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In recent decades, spearfishing with SCUBA has emerged as an efficient method for targeting reef fish in deeper waters. However, deeper waters are increasingly recognised as a potential source of refuge that may help sustain fishery resources. We used a combination of historical catch data over a 20-year time period and fishery-independent surveys to investigate the effects of SCUBA spearfishing on coral reef fish populations in the southern Mariana Islands. Two jurisdictions were studied; Guam, where SCUBA spearfishing is practiced, and the nearby Commonwealth of Northern Mariana Islands (CNMI), where SCUBA spearfishing has been banned since 2003. Fishery-independent data were collected using baited remote underwater stereo-video systems (stereo-BRUVs) stratified by depth, marine protected area status and jurisdiction. Herbivores (primary consumers) dominated spearfishing catches, with parrotfish (scarines) and surgeonfish/unicornfish (acanthurids) the main groups harvested. However, the large, endangered humphead wrasse (Cheilinus undulatus) was the main species by weight landed by SCUBA spearfishers. SCUBA spearfishing was associated with declining size of scarines over time and catches shifting from a dominance of large parrotfishes to a mixed assemblage with increasing proportions of acanthurids. Comparisons between Guam and the nearby CNMI revealed differences in the assemblage of fished species and also greater size of scarines and acanthurids in deep water where SCUBA fishing is banned. These results suggest that SCUBA spearfishing impacts reef fish populations and that the restriction of this fishing method will ensure refuge for fish populations in deeper waters. We recommend a ban on SCUBA spearfishing to preserve or aid the recovery of large, functionally important coral reef species and to improve the sustainability of coral reef fisheries.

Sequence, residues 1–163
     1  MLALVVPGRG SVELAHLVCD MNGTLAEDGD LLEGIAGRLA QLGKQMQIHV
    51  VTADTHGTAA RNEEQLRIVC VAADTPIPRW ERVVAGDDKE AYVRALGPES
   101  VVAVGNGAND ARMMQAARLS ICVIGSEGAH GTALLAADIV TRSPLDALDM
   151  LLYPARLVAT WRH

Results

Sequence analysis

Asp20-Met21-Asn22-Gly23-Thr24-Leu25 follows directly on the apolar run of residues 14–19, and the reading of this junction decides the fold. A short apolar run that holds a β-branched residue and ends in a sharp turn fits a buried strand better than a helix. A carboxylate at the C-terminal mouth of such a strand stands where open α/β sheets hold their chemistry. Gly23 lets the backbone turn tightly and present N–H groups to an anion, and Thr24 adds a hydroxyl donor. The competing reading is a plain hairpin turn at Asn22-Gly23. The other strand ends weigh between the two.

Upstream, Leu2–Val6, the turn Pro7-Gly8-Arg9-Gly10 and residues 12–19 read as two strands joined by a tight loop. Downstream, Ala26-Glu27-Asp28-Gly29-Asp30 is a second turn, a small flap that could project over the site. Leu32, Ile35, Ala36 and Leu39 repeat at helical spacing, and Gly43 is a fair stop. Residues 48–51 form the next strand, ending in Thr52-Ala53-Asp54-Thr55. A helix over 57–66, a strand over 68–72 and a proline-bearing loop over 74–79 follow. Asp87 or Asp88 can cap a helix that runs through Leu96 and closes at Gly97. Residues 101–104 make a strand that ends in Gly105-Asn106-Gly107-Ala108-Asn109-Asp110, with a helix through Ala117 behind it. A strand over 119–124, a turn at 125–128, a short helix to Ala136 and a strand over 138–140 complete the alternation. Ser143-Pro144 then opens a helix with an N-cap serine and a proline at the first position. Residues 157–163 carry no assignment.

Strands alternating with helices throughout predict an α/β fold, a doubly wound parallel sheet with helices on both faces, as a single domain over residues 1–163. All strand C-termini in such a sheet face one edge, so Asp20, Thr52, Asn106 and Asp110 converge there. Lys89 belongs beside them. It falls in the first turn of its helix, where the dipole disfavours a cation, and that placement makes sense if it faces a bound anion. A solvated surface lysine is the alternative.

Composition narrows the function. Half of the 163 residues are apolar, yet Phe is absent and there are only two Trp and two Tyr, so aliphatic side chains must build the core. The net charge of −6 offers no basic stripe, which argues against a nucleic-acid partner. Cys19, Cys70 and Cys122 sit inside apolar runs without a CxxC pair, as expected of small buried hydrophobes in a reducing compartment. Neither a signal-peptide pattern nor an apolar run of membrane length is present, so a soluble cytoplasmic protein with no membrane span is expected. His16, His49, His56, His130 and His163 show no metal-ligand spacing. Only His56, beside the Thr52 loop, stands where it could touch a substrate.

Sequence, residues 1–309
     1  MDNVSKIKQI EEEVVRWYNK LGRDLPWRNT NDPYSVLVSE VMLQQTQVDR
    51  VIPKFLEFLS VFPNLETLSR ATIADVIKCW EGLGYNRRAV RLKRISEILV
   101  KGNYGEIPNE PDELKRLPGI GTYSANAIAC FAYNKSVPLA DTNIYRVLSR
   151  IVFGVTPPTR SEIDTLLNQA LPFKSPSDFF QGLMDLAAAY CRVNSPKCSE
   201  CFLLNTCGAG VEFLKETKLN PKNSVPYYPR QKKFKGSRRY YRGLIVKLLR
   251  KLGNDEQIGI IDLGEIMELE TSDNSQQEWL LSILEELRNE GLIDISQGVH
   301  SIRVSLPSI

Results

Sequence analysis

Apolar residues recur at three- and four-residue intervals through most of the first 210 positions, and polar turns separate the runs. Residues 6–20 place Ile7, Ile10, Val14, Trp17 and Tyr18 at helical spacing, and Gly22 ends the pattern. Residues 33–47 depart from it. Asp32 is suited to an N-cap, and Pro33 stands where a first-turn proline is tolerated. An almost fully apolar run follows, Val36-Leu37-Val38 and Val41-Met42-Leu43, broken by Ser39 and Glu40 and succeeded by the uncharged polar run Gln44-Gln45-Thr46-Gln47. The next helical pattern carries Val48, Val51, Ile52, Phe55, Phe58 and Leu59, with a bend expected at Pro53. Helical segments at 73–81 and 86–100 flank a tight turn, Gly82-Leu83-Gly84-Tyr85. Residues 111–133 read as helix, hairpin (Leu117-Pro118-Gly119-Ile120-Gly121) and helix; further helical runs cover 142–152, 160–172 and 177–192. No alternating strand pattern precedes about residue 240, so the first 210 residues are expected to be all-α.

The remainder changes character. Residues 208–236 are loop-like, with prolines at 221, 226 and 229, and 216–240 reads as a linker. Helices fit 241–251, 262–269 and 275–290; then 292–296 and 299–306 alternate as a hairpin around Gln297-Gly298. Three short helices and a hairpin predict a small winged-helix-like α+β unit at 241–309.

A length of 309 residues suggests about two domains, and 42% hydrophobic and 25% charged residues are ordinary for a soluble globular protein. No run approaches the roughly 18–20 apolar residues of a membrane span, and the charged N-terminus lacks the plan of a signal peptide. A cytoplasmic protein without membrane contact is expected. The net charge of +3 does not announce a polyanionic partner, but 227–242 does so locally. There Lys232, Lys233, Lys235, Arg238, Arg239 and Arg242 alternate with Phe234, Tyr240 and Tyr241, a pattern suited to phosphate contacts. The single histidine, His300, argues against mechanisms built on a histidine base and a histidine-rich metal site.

... In recent decades, parrotfishes have emerged as a major fisheries resource throughout the tropics, escalating concerns for their sustainability and their functional role as grazers and bioeroders of reef substrate (Bellwood et al. 2012(Bellwood et al. , D'agata et al. 2014. Parrotfishes typically demonstrate a weak response to fishing in areas where higher trophic-level species dominate the fishery (Russ andAlcala 1998, Jennings et al. 1999), but strong species-level responses to fishing pressure (Clua and Legendre 2008) driven by differing life histories among species suggest a high capacity for fishinginduced changes in parrotfish assemblages (Taylor et al. in press). The magnitude of this effect at different spatial scales is poorly known. ...